In January 2017, Gilder loaned St Luke’s Community Service a Honda CRV.  The new magenta St Luke’s logo was subtle on the driver and passenger’s doors and also on the boot.  During the last two winters, since I have worked for the Community Team, we have been grounded by the snow and lost two visiting days due to poor conditions. Gilder Honda have agreed to help maintain a Palliative Care presence in the city come rain or shine.

    The people of Sheffield who know the name “St Luke’s” probably know about the Hospice building – a place of calm and care where, yes, people can choose to be looked after until their death but also a place where symptoms can be managed and where anxieties eased.  However, it’s the St Luke’s Community Service, the nurses who come to the homes of the people living with terminal disease who see the majority of patients known to St Luke’s.  In other words, your loved one may never walk into St Luke’s Hospice itself but may be supported by the nurses at home – no matter where in Sheffield they live.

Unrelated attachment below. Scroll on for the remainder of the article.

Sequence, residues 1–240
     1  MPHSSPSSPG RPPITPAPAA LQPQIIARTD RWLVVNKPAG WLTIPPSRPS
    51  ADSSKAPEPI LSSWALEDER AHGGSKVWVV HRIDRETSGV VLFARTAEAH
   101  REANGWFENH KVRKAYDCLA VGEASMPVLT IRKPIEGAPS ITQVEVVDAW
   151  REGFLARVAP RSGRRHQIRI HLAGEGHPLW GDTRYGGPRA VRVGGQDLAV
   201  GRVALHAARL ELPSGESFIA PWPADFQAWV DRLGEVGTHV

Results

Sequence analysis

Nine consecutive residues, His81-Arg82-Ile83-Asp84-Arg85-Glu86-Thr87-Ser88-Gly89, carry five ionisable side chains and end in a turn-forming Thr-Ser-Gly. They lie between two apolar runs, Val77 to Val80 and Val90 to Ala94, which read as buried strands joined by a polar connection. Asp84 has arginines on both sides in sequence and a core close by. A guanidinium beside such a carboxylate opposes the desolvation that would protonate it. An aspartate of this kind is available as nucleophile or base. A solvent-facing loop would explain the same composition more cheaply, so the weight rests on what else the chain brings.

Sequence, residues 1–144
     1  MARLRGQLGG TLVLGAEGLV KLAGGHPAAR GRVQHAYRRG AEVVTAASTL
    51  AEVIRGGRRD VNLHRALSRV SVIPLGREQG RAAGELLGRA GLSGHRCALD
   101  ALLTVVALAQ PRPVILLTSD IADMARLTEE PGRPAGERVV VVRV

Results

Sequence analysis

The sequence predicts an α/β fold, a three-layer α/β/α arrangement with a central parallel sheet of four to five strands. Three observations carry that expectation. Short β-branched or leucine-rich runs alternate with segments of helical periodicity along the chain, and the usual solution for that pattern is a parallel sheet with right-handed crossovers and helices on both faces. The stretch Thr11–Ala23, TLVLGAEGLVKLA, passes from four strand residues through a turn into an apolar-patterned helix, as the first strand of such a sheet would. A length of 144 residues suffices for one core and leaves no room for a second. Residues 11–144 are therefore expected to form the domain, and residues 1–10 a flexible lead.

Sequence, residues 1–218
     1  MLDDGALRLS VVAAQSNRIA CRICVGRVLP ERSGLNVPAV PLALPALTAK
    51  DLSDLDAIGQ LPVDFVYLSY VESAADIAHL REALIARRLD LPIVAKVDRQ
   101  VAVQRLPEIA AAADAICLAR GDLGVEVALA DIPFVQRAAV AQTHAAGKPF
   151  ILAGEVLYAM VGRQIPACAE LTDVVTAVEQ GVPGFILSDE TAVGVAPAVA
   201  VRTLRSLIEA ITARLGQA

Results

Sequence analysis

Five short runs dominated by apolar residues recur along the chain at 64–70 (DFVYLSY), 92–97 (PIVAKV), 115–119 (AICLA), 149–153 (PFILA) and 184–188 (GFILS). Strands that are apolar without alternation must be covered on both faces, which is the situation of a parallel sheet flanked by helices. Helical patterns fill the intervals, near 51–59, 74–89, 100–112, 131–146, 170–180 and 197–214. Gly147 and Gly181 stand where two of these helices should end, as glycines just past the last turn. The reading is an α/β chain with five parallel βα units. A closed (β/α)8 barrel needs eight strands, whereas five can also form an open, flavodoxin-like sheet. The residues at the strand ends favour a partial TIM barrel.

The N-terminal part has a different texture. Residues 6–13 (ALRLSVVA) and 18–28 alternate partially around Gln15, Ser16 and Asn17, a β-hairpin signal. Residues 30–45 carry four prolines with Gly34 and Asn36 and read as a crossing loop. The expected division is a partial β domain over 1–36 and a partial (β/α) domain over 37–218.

So far, I’ve driven across farm yards in Bolsterstone, taken on Jenkin Road, nipped over Hagg Hill and then ventured out to Mosborough.  The Gilder Honda CRV takes it all in its stride.  However, I’m aware as I drive that people see the St Luke’s badge.  I arrived at a patient’s home and a neighbour enthusiastically approached me asking if he’d “won the Hospice lottery” and if I was “delivering a big cheque”.  I politely informed him this was unfortunately not the case and I was visiting a neighbour.

    This is where discussion has developed with in my team.  To pull up outside the home of a neighbour with the “logo” on board – doesn’t that breach patient confidentiality?  Well, we wear uniform, and District Nurses visiting sick patients also wear uniform.  There is no “secret” in arriving at someone’s door looking prepared to care.  So far, I have had only one family member express annoyance at the presence of a branded vehicle.